I want to make some homemade mozzeralla and I know that I need rennet but I am at a loss at how to obtain it. I also don't know which type I need out of the artifical or natural. Is there a way to make it for myself? My searches are turning up conflicting information and I am a little lost in the woods here.
The easiest way where I live to get rennet is to buy Junket tablets at the grocery store. If they have it it's near the ice cream toppings. You can buy it online from the company. It's very cheap and although not 100% pure rennet it works just fine for the variety of cheeses I have made. The box of tablets comes with reliable recipes for a variety of cheeses and ice cream.
Online cheese making suppliers can sell you "higher quality" rennet that is much more expensive. This may make sense for you- especially if you are buying from them anyway for specialized bacteria or mold to make a particular cheese like swiss, etc. I can't recommend one in particular but they are easy to find.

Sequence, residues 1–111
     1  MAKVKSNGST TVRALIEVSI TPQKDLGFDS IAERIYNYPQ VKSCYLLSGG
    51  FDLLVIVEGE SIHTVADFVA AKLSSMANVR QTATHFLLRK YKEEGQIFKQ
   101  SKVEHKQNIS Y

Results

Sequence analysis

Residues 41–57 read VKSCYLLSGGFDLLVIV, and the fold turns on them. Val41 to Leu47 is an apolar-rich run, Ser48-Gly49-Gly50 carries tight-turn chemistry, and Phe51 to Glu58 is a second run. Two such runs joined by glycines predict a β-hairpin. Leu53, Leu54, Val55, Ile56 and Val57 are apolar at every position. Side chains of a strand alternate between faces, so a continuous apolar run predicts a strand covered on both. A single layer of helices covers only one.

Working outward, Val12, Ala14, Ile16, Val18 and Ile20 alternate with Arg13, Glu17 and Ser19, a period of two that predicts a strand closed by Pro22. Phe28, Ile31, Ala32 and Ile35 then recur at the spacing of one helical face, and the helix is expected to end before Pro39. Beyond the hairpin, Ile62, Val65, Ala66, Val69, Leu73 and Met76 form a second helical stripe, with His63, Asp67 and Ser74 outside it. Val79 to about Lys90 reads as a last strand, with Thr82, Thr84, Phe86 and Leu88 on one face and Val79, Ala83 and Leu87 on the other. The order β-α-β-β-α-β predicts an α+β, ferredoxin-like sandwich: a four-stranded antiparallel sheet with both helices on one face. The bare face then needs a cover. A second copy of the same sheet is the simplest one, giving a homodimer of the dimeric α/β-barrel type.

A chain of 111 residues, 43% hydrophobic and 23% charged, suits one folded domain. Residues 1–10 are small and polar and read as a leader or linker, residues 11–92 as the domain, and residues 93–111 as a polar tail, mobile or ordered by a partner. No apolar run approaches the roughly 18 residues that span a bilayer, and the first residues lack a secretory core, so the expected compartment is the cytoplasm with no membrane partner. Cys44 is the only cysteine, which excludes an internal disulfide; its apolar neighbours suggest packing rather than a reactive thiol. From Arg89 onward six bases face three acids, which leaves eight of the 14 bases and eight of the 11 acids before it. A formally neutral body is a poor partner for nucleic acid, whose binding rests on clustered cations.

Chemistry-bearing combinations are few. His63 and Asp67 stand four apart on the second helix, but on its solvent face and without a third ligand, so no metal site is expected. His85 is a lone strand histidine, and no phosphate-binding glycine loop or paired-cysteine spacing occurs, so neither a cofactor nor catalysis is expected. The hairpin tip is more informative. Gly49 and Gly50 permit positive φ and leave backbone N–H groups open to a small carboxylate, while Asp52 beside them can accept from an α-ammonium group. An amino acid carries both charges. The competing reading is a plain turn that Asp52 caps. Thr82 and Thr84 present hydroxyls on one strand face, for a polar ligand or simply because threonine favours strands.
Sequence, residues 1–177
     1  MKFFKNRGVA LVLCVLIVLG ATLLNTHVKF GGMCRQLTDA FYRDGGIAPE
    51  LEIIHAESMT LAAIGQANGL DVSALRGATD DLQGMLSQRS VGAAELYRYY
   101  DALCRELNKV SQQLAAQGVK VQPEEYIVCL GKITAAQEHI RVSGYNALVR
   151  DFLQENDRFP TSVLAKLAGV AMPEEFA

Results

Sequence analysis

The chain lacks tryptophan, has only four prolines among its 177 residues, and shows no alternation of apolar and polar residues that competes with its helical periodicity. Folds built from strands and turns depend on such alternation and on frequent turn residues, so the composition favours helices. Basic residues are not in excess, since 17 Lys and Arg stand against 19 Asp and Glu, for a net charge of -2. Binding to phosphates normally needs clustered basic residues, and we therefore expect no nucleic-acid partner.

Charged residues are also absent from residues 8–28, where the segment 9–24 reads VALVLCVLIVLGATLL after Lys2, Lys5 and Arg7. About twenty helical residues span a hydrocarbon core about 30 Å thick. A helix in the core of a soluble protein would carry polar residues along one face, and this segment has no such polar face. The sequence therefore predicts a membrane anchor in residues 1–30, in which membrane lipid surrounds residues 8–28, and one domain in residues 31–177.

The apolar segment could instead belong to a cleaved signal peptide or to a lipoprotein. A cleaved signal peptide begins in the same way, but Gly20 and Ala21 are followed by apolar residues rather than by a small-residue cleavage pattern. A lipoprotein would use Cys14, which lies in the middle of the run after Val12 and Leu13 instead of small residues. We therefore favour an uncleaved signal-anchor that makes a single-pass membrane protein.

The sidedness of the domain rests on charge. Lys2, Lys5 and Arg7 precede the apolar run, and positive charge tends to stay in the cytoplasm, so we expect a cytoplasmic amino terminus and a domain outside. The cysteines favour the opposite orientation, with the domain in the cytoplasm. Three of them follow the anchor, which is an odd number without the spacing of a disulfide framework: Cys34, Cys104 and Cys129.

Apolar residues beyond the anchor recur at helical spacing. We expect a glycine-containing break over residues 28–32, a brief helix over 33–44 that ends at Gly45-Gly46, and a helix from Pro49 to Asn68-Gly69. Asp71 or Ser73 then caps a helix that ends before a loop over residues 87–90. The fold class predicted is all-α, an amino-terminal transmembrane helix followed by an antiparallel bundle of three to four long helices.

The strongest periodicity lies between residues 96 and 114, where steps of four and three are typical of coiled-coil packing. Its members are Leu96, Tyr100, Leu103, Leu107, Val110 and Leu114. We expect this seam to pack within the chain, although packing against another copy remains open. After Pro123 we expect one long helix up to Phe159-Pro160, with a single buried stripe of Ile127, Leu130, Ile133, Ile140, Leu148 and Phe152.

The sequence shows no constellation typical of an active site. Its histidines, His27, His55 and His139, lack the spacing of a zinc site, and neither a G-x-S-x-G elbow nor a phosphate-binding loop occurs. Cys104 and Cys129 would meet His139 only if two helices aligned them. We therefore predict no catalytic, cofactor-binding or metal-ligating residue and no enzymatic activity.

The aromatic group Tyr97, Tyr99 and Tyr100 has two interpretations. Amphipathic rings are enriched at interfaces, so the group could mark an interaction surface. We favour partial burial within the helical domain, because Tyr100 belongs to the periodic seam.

You can make your own. I wouldn't recommend it. Rennet is an enzyme used by calves to digest their mother's milk. Historically, when a calf was slaughtered the correct stomach (I believe the first) would be chopped up and soaked for some time in water. The stomach was then removed and the water with dissolved rennet would be used to make cheese.
If you have access to a calf and have a tougher constitution than I you could certainly try this.
Nowadays rennet is mostly recombinantly produced. For those opposed to our genetically-modified-bacteria-friends non-recombinant rennet can be found. Vegetarian rennet derived from vegetables or mold with similar properties is also available. Recombinant is, of course, much less expensive.
Homebrewing beer is becoming more and more popular. Many cities have homebrew stores and many of those stores also carry cheesemaking ingredients (along with winemaking).
So, if you have a local homebrew/winemaking store, you might check to see if they also carry cheesemaking supplies.
As an example, my local Austin Homebrew Supply, and a similar Seattle homebrew store, Sound Homebrew Supply. Both of these companies allow online purchase, too... so you could source it from them if you don't have a local cheesemaking supplier.